Solution: Choose your hashtag wisely
When coming up with the hashtag to use in your next campaign, leave yourself ample time to find the right one. First, figure out what your goals are for your campaign and brainstorm hashtag ideas accordingly. Ideally, you can do this with other people in your department or company. Discuss and throw some ideas around. At this stage, every idea is valid.
Then, whittle the hashtags down to a short list and get input on it from people who weren’t part of the initial brainstorming group. You’ll want fresh minds on it!
Once you’ve chosen your hashtag, there is one more thing you can do: run your brand new hashtag by the filthiest brain you know. If there’s a possible double entendre in your hashtag, they’ll spot it. And that’s how you prevent the likes of #susanalbumparty. 😉
Hashtag Fear #3: “What if we get hashtag-hijacked?”
The first thing you need to know about hashtag hijackings is that they happen. There’s always a risk of someone butting in on your campaign to derail it, either because they have beef with you or just because they are trolls. Obviously, the chance is higher for brands who are seen as engaging in problematic behaviour. But even if you’re clean as a whistle, you’re not bulletproof and might have to deal with a hashtag hijacking at some point.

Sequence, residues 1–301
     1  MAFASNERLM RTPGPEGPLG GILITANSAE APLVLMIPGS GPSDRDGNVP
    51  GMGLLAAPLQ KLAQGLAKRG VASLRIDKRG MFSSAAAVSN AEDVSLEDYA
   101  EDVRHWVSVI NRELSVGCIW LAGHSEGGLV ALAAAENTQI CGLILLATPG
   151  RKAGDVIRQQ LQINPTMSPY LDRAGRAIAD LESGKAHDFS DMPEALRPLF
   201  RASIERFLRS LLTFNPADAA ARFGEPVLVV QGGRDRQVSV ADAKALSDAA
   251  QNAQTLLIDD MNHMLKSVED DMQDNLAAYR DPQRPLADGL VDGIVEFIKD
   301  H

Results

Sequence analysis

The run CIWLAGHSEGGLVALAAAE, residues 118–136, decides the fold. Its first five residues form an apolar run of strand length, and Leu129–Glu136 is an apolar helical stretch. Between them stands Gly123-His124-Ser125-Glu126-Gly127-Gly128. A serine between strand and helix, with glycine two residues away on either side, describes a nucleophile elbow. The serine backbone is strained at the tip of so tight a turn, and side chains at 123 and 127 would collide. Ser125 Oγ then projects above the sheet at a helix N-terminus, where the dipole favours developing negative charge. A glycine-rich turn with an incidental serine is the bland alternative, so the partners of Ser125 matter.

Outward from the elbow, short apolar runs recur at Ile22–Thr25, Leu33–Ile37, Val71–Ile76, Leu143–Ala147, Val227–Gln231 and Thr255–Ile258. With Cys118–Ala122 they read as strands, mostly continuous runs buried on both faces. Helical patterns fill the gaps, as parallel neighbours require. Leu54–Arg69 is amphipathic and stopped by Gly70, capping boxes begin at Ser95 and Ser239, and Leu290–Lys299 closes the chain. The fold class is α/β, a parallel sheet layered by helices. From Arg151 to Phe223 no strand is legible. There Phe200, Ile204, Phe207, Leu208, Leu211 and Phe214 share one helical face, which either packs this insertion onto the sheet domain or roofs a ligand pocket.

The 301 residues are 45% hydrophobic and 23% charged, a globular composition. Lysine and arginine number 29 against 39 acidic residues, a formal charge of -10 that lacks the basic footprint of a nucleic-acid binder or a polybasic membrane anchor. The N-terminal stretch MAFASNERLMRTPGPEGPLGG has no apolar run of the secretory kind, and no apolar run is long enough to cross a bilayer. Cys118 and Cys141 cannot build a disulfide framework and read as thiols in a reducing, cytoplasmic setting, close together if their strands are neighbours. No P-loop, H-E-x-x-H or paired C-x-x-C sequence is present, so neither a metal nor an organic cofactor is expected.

Even if it doesn’t go that far, many brands are still worried about inappropriate content on their hashtag — something as simple as one of the countless bots scooping up trending hashtags to post porn.
Solution: Create a social hub you control
You can’t control what people put on Twitter or Instagram using your hashtag. But with a social media wall, you can create a hub for all the social media content from your campaign and filter out the unsavoury bits.
Social walls have extensive moderation features that let you take charge of which content is shown and which isn’t. With Walls.io, for example, you can set up automatic moderation with a blacklist to keep certain post off your social wall completely. You can even use our default blacklist that blocks the most common offensive words used in spam posts.
You can also individually hide specific posts in the moderation panel with a simple click and even block certain users from showing up on your wall.
This keeps monitoring efforts to a minimum and you don’t need any extra tools to make sure your campaign hub looks awesome and isn’t hijacked.
And now over to you
Overall, the better you plan your campaign, the better it will run. Be smart about picking your hashtag. Take the time to create a marketing plan before you go live. Decide how and where to promote your campaign. Be clear about what you want to achieve and how you want people to participate. Use a social wall with moderation features to create a clean hub for your campaign content and then use your wall to promote your hashtag campaign further.
It might take a few campaigns for fears to subside completely, but if you keep delivering good content, you can definitely convince brands and bosses that hashtag campaigns can do wonders for them.